I am new to collecting and have been working on building my relationship with gallerists for some time. There are a few who I think I get along well with, but I keep seeing other people posting online from these fancy gallery dinners that I’m never invited to. What do I need to do to get a seat at the table?
It’s amazing how often this question gets asked. So many people want the art and the experiences (and to be seen) which is understandable, especially if your fortune has been made in a less creative environment. And indeed, ththese dinners can be wonderful, especially as you are sitting with like minded people; collectors, curators, gallery directors, artists, as well as, on occasion, the odd movie star, where some of the most fascinating conversations can be had. The food and wine usually isn’t bad either! But from the gallery‘s point of viewthese are still business events, usually to thank buyers for their support of the artist whose latest exhibition may have just opened that evening, and to keep their artists happy, showing them their depth of support and allowing them to have an evening to celebrate their achievements, usually accompanied by ththis artist’s friends and family. The galleries may like you, and certainly enjoy your company, but someone has to pay the bill.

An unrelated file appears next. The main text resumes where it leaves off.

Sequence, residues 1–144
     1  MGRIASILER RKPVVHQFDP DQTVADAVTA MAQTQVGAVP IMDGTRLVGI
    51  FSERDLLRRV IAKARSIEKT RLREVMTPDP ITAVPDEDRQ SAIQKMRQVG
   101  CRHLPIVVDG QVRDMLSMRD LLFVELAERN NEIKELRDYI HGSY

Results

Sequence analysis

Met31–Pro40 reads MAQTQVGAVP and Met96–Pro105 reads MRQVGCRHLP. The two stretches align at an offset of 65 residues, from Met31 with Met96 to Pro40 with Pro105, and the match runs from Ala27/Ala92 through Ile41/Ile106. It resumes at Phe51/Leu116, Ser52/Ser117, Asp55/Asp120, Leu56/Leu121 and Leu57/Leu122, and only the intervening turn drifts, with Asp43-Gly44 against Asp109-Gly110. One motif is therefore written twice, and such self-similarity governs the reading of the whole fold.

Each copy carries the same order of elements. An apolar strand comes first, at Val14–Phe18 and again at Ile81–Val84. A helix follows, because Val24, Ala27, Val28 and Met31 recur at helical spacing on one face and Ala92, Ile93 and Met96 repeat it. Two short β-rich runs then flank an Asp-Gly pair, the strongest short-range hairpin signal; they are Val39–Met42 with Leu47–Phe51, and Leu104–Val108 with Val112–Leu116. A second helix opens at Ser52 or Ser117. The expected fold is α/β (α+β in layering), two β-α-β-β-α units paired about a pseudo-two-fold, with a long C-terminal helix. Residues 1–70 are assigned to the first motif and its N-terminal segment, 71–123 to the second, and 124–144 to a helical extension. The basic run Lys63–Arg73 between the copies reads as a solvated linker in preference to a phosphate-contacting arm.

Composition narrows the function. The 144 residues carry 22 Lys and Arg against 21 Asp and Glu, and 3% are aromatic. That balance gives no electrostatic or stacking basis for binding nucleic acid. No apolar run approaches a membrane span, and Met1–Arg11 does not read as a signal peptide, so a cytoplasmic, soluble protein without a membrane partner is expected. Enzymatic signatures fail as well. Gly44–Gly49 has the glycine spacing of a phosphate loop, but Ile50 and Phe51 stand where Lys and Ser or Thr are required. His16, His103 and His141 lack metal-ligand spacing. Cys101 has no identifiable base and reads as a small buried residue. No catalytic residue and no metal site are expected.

So to get one of these coveted invitations, the first rule of thumb would be to acquire a work by one of the gallery artists that you most admire, even buying the artist’s work in depth. Or buy a selection of artists through the gallery’s program, and the invites will start coming in thick and fast.